Consumer Group: Coconut Waters Fall Short on Electrolyte Claims

A review of the electrolyte content of the three leading coconut water brands, ZICO, O.N.E., and Vita Coco by the consumer group found that samples of both Vita Coco and O.N.E. fell short with regard to two key hydrating elements on their nutrition panel.

Coconut water has gained in popularity because of its natural hydrating functionality as well as its lighter taste profile and clever marketing; the group began to examine the brands because of its growth and functional claims, according to’s president, Dr. Tod Cooperman, who has also examined products like 5-Hour Energy in the past.

The use of coconut water as a sports drink like Gatorade or Powerade has become increasingly important in recent months. While all three brands have had healthy auras, initially ZICO was most closely focused on the athletic arena. Both Vita Coco and O.N.E. have begun marketing more directly to athletes over the summer, however. The electrolyte content is only one element of hydration, of course, but it has become a key marketing component for all three brands.

“Because they are mostly water, all coconut waters can provide hydration, but those that provide more sodium, at least 110 mg of sodium per cup, will be the best choice for replenishing electrolytes,” says Dr. Cooperman.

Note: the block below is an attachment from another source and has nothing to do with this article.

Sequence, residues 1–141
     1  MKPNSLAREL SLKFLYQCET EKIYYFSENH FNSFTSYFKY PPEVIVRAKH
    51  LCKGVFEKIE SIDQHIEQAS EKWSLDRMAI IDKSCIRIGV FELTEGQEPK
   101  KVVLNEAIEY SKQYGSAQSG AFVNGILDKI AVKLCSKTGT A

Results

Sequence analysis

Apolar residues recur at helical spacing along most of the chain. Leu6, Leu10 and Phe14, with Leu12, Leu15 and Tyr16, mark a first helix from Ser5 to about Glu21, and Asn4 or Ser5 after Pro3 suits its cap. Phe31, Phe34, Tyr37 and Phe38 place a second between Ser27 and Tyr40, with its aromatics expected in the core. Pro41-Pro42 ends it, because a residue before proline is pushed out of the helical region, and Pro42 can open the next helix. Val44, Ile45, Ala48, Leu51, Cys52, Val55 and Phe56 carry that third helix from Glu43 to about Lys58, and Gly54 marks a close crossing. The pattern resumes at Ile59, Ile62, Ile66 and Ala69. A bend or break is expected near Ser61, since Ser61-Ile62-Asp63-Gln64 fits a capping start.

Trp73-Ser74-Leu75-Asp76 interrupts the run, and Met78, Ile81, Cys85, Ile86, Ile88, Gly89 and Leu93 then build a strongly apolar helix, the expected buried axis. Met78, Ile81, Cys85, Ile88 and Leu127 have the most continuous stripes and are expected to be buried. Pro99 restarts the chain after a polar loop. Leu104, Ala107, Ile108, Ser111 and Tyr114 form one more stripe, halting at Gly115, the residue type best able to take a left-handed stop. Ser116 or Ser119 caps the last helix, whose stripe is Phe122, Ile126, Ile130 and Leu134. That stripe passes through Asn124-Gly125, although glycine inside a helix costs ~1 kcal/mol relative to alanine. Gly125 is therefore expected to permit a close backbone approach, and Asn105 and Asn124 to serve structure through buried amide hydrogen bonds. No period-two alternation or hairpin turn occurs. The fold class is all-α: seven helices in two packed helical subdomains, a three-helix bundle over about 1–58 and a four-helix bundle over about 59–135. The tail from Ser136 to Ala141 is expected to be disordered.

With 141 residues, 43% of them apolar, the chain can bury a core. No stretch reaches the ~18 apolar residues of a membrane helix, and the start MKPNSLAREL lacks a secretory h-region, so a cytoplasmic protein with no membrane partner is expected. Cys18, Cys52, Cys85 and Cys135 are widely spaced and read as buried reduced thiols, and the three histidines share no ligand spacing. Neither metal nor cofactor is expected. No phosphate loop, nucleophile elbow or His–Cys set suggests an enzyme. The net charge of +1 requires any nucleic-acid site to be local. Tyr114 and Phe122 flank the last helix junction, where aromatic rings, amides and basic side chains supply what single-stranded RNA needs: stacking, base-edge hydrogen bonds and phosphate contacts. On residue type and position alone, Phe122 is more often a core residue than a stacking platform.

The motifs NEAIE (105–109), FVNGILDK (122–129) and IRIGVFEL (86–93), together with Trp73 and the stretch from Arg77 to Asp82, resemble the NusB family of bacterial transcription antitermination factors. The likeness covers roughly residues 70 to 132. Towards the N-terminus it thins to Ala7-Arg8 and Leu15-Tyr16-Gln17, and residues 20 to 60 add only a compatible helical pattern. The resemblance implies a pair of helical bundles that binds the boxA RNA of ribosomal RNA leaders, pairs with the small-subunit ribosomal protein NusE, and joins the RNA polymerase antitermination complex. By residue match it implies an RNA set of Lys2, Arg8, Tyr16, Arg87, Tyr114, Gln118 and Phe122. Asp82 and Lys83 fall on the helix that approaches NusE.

Of the three, only ZICO came matched its stated content for key electrolytes sodium (160 mg), potassium (569 mg), and magnesium (35 mg), as well as sugar (12 g). tested ZICO’s bottled variant, which is made from concentrate, and also is approximately 20 percent larger.

Both O.N.E. and Vita Coco fell short on their nutritional information when it came to sodium and magnesium, according to, with one of the companies showing that contained only 18 percent of its claimed amount of sodium. Both O.N.E. and Vita Coco hit their claimed amounts for potassium and sugar.

For his part, ZICO founder Mark Rampolla said that one of his company’s key concerns has been locating suppliers that can meet his company’s specifications.

“We’ve worked very hard with our suppliers to make sure our bottled Zico  can maintain great and consistent taste and nutritional profiles,”  he said.

Vita Coco spokesman Arthur Gallego told that the difference between the label claims and the tested results may have had to do with consistency issues in coconut batches, as the company sources its products in both Brazil and Southeast Asia. He also told the network that the results weren’t typical of Vita Coco’s average nutritional content.

But consistency has become an issue for the companies, particularly given the battle for supply that has accompanied the category’s growth. All three brands tested have been forced to add coconuts from Thailand, Indonesia, and other countries to replace or supplement their supply of Brazilian coconuts.

“The product is produced by PepsiCo in Brazil under very strict quality control,” said O.N.E. founder Rodrigo Veloso. PepsiCo is a majority owner of O.N.E. and also owns Amococo, the world’s largest coconut water company.

Rampolla said that his company also makes a point of declaring its nutritional information on the low end of the scale to meet testing requirements.

“We’ve been conservative about what we claim,” Rampolla said.